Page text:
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Collecting your own rocks - aquarium safe?

Twisted Melon

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4 Feb 2018
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If you decde to collect your own rocks, how would you be able to determine if they are aquarium safe?

I gather limestone is a no no. Is there anything else to look out for?

I love the aquarium rocks for sale online, like dragon rock etc, but I’d prefer to be able to see them before buying them, so grabbing your own for free jwould be great.

Ta
 

Tim Harrison

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Many of the rocks we use in our aquariums are inert and do not react chemically with our tank water, for instance those that are mainly composed of silica, like smooth river bed pebbles or cobbles.

But quite a lot of rocks that are great to scape with are not totally inert and may have some effect on water parameters. For example, a lot of the rocks sold by ADA like Seiryu, Manten, and Ryuoh are actually all types of limestone, but at various stages along the metamorphic spectrum, and so of varying hardness. Depending on water parameters they can, over time, leach carbonates which may have an affect on TDS and pH; but nothing any more sinister than that so they are OK. A vinegar test is a good way to find out if a rock is composed of carbonates and likely to react with our tank water; the rock will effervesce.

That said, regular and substantial water changes typically necessary with eutrophic fertz dosing methods means that these reactions will have a minimal impact on water chemistry.

Other rocks like sandstone will usually be okay, but in the case of sandstone it's the cement that has the potential to change water parameters. It usually contains some carbonates, and a lot of iron, the latter of which gives sandstone it's orange/red colouration.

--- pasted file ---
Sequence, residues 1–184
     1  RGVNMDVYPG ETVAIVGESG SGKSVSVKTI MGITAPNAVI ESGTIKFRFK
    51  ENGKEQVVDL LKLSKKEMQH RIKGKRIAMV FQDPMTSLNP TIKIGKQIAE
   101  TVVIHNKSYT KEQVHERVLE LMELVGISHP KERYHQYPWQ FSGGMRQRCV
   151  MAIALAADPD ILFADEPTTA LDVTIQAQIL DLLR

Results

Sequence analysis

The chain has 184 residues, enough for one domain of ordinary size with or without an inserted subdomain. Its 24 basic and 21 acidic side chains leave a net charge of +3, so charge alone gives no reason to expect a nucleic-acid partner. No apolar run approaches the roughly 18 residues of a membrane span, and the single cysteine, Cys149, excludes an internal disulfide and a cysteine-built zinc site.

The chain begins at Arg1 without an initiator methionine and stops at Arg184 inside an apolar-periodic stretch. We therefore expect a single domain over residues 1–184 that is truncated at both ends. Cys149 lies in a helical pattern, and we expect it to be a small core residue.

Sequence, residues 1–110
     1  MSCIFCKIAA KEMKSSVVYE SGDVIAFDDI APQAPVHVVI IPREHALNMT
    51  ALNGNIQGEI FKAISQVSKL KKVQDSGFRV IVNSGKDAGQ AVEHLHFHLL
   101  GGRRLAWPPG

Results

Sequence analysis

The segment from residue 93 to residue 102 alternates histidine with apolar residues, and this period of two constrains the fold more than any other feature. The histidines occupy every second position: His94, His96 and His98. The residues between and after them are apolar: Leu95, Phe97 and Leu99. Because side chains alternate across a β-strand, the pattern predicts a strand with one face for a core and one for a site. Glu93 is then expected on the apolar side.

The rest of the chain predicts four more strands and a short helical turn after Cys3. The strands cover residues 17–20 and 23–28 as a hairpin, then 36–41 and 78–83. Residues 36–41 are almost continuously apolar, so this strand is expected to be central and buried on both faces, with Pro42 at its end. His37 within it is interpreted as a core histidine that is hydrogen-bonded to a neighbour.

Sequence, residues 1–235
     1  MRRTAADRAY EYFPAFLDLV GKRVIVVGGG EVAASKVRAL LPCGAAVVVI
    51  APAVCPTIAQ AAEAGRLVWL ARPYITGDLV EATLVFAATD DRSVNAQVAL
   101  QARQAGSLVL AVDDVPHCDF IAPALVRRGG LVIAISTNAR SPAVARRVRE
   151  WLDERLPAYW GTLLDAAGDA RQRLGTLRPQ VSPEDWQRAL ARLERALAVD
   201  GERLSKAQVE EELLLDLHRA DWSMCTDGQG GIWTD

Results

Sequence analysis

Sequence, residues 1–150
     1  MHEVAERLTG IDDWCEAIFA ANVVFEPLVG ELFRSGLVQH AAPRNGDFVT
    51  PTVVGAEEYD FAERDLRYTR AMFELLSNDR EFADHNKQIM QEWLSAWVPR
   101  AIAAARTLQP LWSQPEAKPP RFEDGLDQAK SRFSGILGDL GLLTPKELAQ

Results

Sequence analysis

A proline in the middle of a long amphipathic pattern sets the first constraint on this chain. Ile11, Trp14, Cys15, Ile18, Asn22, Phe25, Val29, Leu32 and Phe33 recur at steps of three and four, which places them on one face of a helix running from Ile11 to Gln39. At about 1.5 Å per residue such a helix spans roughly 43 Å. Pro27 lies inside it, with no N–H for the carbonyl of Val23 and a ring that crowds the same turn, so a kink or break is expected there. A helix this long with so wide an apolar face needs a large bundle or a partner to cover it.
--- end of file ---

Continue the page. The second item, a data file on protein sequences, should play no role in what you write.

A good rule of thumb, other than the vinegar test, is - if the rock is friable, and easily falls apart, or leaves a residue on your hands, then it'll probably have an impact on water chemistry. Dragon Stone is particularly soft, and will leave residue on your hands.

I suppose the point is - it's not just what the rock is made from that will determine whether it's suitable for scaping it's also how hard it is as well, and how often you change your water, and also to a degree on local water chemistry. For instance, if the water out of the faucet is acidic then it will be more likely to react with any rocks that contain carbonates.

Anyway, builders yards and garden centres are great places to go hunting for cheap hardscape so don't be put off by water chemistry worries. By the very nature of their intended use, landscaping, they will usually be hard and therefore often safe to use for aquascaping, but at a fraction the price of Gucci rock sold in aquascaping shops.

If you have doubts about a rocks suitability for use in an aquarium you can soak it in a bucket and test the water over time for any changes in chemistry.

I bought the slate below from a garden centre, a while back, for £1.00 a chuck; a well known UK aquascaping shop at the time was selling the same for £££ more....

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zozo

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16 Apr 2015
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I have Ardenn coble stone which is a calcite rock in use in several occasions, in an aquairum and a garden tub. If vinigar or moriatic acid is put on, it fizzes like mad. But it doesn't realy react with my water that is rather soft too. It would take a lot of neglection in water changes before it alters the water chemistry measurably. I guess it also is a bit of an old school rule of thumb from times water changes were considered a bad idea. With the nowadays adviced weekly water changes we can use a lot more than we used to in the past.

:)
 

Twisted Melon

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Cheers all. Couldn’t have asked for better advice.

Think I’ll make a trip to the local quarry soon and see what I can find.
 

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